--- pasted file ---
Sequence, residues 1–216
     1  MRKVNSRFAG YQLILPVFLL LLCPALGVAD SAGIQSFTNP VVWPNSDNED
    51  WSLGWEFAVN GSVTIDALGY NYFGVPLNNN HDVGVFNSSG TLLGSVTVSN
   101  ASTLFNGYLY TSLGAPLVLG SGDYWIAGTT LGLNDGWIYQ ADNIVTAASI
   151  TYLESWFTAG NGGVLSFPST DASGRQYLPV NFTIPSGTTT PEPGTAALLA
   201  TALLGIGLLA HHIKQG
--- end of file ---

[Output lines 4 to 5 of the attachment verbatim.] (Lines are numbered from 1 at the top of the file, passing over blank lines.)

   101  ASTLFNGYLY TSLGAPLVLG SGDYWIAGTT LGLNDGWIYQ ADNIVTAASI
   151  TYLESWFTAG NGGVLSFPST DASGRQYLPV NFTIPSGTTT PEPGTAALLA